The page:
Every single startup’s dream is to get acquired or go public for big bucks. In the fintech world, the acquirers are the large financial institutions like Fidelity, BlackRock, JP Morgan, and Bank of America with billions of dollars on their balance sheets. To them, spending a few hundred million is chump change. If they can find the right technology, they can easily market the product across their respective enormous platforms.
BlackRock did just that recently by announcing the acquisition of FutureAdvisor, a robo-adviser based out of San Francisco. You may recall I invited Bo Lu, the co-founder to play tennis at my club a year ago to learn more about his company and whack a few balls. Here’s the post with my Q&A. Since the hit, I didn’t hear too much about FutureAdvisor until this big acquisition.
Only the insiders know the exact price of the sale, which is to be finalized by the end of 2015. But according to The Financial Times and RIABiz, the price is somewhere around $152M. That’s a very nice 100% jump since their Series B round in 2014 where they raised $15.5M at a $75M capitalization. Their overall funding is estimated at $21.5M.
My initial reaction was one of excitement for everyone at FutureAdvisor. I believe we’re in a private company bubble and I was beginning to wonder, as I do for most money-losing startups, whether or not they’d make it. Finding a gorilla to sell to is exactly what every startup should be doing now.
A 2X return on capital in one year is pretty good for the venture capitalists, especially compared to the return of the S&P 500 during the same time period. If the two co-founders own 20% of the company, that’s a cool $30M each.
But most of us are not founders. Most of us are just employees with tiny shares in a company looking to partake in the technology boom. Let’s look at the acquisition from an employee’s perspective and learn why getting acquired might not be such a great idea.
The Dream Of Great Fortune Is Over
Unlike LearnVest, which raised ~$75M and was bought by NorthWestern Mutual for up to $250M (sources say hurdles must be reached to get to that figure), FutureAdvisor’s $21.M funding to $150M acquisition price is a much greater return. I’d call FutureAdvisor’s sale a win because it was loss making with ~$3M in revenue ($600 AUM X 50 bps) and at least double that in costs with an uncertain fundraising future.
Here’s what I’m thinking about before joining a startup.
For an early stage startup (Series B or earlier), there’s a greater than a 50% chance the startup won’t be around in five years, and a greater than 50% chance my equity won’t be worth anything either.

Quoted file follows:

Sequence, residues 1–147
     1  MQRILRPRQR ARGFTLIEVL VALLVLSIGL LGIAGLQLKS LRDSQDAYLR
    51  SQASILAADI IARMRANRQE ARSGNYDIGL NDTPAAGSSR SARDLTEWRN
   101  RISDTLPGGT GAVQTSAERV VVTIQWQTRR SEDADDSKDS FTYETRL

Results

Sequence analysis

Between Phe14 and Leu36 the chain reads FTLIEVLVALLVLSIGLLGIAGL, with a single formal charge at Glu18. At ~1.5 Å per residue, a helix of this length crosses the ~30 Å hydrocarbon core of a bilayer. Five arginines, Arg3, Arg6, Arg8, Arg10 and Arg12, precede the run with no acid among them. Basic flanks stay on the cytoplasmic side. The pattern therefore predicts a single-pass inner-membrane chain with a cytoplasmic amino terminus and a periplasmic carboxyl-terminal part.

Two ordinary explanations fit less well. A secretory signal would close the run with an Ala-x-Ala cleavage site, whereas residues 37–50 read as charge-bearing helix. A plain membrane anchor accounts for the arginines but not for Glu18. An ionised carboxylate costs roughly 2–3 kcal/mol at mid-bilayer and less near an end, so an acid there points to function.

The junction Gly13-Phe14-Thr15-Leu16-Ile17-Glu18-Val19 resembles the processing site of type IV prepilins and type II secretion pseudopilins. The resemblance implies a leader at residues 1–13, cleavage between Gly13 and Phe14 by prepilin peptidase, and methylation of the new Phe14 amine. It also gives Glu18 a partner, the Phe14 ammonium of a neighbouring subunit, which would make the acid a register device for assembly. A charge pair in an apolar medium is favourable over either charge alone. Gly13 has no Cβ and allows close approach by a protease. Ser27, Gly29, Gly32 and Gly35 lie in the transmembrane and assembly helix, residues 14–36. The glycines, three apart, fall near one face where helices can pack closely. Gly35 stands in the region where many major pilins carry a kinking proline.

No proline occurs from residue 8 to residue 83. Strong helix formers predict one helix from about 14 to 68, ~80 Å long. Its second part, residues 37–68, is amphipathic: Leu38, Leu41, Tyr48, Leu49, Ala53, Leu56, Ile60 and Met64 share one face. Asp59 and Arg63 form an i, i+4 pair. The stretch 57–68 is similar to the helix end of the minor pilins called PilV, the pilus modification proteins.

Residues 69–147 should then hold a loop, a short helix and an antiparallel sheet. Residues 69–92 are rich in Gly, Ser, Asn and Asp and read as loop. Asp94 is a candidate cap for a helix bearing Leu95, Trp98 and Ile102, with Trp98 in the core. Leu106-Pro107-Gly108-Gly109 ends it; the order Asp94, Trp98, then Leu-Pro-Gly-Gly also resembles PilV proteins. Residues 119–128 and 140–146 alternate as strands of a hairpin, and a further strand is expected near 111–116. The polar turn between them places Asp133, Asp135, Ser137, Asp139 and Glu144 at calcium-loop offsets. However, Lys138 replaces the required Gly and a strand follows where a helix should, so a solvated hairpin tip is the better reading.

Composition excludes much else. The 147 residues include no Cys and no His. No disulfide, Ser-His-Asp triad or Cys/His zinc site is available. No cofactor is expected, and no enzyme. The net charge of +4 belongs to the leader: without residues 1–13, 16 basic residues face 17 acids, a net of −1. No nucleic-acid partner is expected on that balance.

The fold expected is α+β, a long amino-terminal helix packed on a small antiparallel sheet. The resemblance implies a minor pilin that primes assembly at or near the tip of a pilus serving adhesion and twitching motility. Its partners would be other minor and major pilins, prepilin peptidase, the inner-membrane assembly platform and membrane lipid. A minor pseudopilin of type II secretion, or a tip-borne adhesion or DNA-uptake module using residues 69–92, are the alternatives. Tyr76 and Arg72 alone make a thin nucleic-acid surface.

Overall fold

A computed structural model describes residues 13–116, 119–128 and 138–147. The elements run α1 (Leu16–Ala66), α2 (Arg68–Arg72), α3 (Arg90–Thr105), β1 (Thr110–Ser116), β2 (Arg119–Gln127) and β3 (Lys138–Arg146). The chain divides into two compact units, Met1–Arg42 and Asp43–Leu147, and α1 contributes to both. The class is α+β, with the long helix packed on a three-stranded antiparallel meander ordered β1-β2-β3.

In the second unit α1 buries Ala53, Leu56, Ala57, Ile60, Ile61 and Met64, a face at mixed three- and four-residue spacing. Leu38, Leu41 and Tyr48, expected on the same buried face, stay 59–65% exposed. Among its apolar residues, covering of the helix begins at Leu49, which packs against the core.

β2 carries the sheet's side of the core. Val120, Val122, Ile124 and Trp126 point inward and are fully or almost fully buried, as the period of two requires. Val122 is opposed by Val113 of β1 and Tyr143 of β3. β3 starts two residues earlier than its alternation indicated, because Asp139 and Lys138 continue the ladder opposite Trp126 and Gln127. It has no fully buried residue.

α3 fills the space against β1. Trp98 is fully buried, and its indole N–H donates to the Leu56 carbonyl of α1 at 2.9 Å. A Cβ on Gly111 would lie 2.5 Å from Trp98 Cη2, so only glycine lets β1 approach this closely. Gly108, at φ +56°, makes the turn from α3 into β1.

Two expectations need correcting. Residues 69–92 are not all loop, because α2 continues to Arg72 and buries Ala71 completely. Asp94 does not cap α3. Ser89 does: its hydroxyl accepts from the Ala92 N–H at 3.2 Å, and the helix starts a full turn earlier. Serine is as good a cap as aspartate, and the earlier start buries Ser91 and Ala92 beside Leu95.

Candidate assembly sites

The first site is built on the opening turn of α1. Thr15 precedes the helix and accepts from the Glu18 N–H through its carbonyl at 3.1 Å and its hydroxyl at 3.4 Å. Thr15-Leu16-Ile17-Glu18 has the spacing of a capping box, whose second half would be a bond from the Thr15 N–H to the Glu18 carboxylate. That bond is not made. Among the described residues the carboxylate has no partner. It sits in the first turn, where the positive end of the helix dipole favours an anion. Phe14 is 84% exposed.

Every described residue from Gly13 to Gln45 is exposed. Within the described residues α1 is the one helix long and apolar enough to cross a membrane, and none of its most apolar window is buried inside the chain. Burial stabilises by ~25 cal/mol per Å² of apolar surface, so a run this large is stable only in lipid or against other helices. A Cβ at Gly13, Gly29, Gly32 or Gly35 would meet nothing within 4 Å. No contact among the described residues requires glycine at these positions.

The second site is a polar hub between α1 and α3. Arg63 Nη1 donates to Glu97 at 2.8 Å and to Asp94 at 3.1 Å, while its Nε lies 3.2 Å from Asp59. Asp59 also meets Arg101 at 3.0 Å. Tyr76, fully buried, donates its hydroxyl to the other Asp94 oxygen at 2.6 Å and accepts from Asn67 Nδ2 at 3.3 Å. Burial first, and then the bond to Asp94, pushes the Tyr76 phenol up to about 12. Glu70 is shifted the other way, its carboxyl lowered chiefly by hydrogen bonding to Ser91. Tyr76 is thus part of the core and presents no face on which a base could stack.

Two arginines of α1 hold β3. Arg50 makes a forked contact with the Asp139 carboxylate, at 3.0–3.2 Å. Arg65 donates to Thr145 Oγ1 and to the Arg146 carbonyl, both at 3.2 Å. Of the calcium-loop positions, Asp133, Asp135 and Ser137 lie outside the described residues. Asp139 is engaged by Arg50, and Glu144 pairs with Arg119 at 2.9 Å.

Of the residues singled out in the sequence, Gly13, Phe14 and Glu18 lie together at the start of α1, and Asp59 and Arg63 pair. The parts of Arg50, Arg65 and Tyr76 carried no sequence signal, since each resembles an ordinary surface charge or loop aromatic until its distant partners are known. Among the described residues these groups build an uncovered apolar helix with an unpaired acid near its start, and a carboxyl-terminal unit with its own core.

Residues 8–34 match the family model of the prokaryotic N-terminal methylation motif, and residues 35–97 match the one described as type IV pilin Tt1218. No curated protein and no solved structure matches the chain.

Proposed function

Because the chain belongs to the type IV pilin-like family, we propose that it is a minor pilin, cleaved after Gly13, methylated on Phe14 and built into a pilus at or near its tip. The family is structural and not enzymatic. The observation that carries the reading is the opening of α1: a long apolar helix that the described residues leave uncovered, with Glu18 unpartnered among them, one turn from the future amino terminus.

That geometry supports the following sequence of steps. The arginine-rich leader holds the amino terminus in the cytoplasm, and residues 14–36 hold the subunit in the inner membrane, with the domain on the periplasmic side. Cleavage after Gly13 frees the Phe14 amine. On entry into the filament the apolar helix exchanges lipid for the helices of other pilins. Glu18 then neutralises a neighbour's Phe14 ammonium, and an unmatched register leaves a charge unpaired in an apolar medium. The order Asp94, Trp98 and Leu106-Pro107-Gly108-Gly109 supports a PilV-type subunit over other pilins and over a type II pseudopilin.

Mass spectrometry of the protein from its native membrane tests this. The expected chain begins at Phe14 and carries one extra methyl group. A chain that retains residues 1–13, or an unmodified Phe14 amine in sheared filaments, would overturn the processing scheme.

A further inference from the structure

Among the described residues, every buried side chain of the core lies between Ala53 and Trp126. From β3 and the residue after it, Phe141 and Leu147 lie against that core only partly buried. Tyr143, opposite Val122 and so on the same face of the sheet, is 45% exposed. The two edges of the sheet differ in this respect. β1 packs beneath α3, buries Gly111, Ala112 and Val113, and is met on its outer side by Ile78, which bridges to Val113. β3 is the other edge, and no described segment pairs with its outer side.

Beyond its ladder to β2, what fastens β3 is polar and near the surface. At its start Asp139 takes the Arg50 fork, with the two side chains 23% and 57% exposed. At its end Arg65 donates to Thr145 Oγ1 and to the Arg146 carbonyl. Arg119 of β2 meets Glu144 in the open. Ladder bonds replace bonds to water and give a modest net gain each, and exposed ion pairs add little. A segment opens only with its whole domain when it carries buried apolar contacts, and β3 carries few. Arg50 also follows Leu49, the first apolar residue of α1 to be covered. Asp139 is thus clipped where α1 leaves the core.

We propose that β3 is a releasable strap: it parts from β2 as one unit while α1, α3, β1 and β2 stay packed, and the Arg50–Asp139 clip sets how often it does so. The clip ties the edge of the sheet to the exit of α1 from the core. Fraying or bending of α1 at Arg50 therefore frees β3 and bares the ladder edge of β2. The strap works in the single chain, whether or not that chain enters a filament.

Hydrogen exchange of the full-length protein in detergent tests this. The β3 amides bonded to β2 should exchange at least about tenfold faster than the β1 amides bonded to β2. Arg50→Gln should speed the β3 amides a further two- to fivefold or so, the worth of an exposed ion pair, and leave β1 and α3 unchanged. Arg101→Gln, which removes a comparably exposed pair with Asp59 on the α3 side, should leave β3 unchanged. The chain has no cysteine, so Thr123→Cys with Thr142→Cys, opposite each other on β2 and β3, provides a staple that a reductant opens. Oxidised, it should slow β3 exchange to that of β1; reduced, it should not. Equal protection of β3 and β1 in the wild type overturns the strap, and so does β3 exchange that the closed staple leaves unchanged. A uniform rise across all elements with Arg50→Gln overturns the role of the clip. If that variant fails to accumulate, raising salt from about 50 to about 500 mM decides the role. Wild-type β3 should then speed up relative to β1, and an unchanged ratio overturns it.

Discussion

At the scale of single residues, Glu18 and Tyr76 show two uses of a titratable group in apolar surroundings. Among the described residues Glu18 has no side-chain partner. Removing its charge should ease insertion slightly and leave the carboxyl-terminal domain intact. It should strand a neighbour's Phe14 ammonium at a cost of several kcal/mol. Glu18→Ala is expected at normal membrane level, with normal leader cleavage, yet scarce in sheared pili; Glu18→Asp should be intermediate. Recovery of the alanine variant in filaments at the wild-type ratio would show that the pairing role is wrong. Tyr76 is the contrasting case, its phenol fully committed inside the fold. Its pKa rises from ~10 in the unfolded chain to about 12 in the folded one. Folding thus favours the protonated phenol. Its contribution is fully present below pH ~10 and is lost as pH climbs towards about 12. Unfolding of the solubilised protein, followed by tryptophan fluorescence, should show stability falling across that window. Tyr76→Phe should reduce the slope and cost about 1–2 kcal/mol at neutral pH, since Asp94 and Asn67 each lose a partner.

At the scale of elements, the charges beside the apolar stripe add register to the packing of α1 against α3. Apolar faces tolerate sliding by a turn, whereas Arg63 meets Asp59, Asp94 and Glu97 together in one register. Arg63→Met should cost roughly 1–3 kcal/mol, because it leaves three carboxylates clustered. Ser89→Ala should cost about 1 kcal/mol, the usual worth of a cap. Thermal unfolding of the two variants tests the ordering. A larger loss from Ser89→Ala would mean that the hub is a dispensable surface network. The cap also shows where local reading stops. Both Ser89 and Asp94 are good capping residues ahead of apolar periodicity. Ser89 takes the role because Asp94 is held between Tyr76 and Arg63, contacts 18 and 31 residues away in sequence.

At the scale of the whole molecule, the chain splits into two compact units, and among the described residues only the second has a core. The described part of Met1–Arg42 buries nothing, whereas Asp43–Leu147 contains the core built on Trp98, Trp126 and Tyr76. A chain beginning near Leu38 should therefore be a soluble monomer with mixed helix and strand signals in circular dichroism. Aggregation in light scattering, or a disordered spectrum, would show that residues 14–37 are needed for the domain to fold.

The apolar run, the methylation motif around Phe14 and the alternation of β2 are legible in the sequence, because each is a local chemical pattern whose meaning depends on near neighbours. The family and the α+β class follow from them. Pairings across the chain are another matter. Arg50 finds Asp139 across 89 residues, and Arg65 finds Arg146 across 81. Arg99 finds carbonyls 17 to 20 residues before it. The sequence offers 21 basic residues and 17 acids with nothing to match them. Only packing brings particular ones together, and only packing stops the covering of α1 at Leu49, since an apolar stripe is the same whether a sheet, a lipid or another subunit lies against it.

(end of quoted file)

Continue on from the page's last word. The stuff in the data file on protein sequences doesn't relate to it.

Given the below market salary and the high probability of failure, I must believe the company and therefore, my equity, has a chance to grow by 10X or more during my time there to compensate for all the risk. If I don’t believe there is at least a 10X return, unless I really love the product and people, why bother taking such a huge risk?
It’s important to always think about opportunity cost.
Example Of Two Employment Packages
1. Join a startup and make $100,000 a year in salary with $100,000 in options vesting over four years. There’s a 20% chance my options could be worth $1,000,000 after the vesting period is over, and a 80% chance the options will be worthless. The total compensation after four years is therefore $100,000 X 4 = $400,000 in base salary + $1,000,000 X 20% probability = $200,000 for a total value of $600,000. The reality is a bifurcated result.
2. The other option is to make $150,000 a year at a larger organization with no equity and probably much less excitement. The total compensation is $600,000 after four years (4 X $150K). The difference between the two is the startup package still has a chance to provide you a $1.4M total return, even though there’s an 80% chance the total compensation will be worth only $400,000.
I have a feeling most of us would probably shoot for the first option even though you will probably make $200,000 more with option 2. The reason? Hope. Everybody hopes they’ve got the winning lottery ticket. But as we know, playing the lottery is one of the worst ways to get rich.
No Employee Gets Much Equity
The only people who get much equity are the founders. Even if you are one of the first five employees (seed stage with the most risk), the most equity you’ll get is 5%. I’ve personally looked at hundreds of startup jobs on Angelist when I was looking for consulting gigs, and 2% equity is usually the maximum I’ve ever seen for a high quality Series Seed or maybe Series A companies. You’ll only get 5% equity if you are a superstar engineer joining a highly risky company without a proven business model. In other words, you can get 5% equity in a company that’s probably going to be worth nothing.
Let’s say you are a senior level person with 20 years of experience who decided to join FutureAdvisor after their Series A funding. A reasonable equity offer is roughly 1.5%. If you stay through your entire four year vesting period, you will be able to bank $2,250,000 gross ($150M X 1.5%), and roughly $1,500,000 net after taxes using a 30% effective tax rate. But given you could have made $100,000 a year more working at a large company, the gross return might really only be $1,850,000, or $1,000,000 after taxes. Not bad. But not the $7.5M you were dreaming of if the company sold for $500M.
Let’s say you’re a mid-level employee with 10 years of work experience after college and join during the Series B funding. Your equity package is a respectable 0.5%. If you stay for the full four years, your equity will be worth $750,000 gross ($150M X 0.5%), or roughly $525,000 after taxes. But again, we’ve got to subtract roughly $35,00 a year, or $140,000 from the gross figure due to the below market rate salary. The real gross is closer to $610,000 or $427,000 after taxes using a 30% effective tax rate. Again, not bad, but not the $5M you were hoping for if there was a $1B exit.